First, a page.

Reidinger Goes Deep Into the Sunset to Find Shangri-La; Kauffman Compares Chotto and Kasumi
Our good friend Reidinger takes us on a journey this week deep into the Sunset to visit 33-year-old vegetarian Chinese restaurant Shangri-La (2026 Irving). Perhaps because of all the messaging on the menu about the place being kosher, Reidinger finds himself in a characteristically lengthy tangent about the "beautiful discord" of restaurant's muzak selection. "The music reminded me, a little, of the early scene in Schindler's List in which the Shabbat candles are lighted." ... and here we go... "It was like being in a café in some city in central Europe in 1937, with the shadows of war gathering in dark corners. The sounds of the violin are among the most haunting and moody in music." Eventually he gets to the food, which he says is "outstanding and reasonably priced" but not before describing the restaurant itself as "atmospheric" and the staff rather "cheerful." He calls their mu shu "flawless" and the Szechuan style spicy noodles "equally satisfying." [SFBG]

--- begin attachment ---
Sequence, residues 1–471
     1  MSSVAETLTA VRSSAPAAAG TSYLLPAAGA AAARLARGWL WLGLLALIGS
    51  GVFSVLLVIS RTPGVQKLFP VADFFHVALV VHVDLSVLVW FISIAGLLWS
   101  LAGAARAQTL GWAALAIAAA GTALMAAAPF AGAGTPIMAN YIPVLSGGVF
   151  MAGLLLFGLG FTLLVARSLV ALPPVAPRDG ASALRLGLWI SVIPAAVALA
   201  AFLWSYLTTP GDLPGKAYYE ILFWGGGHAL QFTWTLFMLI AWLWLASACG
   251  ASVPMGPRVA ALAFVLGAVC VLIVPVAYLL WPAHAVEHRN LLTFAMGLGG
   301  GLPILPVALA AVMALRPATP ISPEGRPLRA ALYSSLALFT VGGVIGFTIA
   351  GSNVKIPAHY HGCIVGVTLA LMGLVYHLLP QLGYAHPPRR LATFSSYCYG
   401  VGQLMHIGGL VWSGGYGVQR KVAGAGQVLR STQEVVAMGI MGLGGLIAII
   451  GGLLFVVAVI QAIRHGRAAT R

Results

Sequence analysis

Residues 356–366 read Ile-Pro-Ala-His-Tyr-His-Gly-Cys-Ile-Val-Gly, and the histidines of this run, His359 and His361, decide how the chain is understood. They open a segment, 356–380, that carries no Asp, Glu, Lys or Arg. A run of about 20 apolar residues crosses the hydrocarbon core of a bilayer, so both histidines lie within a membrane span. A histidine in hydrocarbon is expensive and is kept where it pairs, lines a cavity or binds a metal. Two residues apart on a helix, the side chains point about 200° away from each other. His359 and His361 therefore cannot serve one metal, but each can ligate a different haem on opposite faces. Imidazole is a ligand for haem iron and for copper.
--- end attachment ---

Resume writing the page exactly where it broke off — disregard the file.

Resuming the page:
Meanwhile, Kauffman reports that "the all-purpose neighborhood Japanese restaurant... the one that specializes in udon, tempura, and California roll combos... is finally on the wane," and he celebrates the evolving trend of izakaya and yakitori food coming to neighborhood Japanese eateries. Taking new entrants Chotto and Kasumi as examples, he writes, "They share a commitment to the robata, if not a total mastery of it, as well as a number of the same dishes." Like Unterman and Bauer before him, he's a fan of chicken meatballs, and he calls out the agedashi tofu too. All told he says, "Chef Armando Justo does some beautiful things with a charcoal grill."
But moving on to Kasumi (2608 Ocean Avenue), he says the ramen isn't really worth a trip, and there are some missteps at the robata as well, with the duck breast and some chicken items coming out overcooked or under-seasoned. But he likes the tsukune meatballs here, which he says taste "rather pleasantly, like breakfast sausage," and he totally loves the chazuke, a dish of warm dashi over crisped rice, shredded salmon, salmon roe, and seaweed: "The brothy rice was a humble dish, its salt bursts and sea-swept smells serene rather than flashy. And yet I kept spooning into the dish as if it were made of truffles and foie gras." [SF Weekly]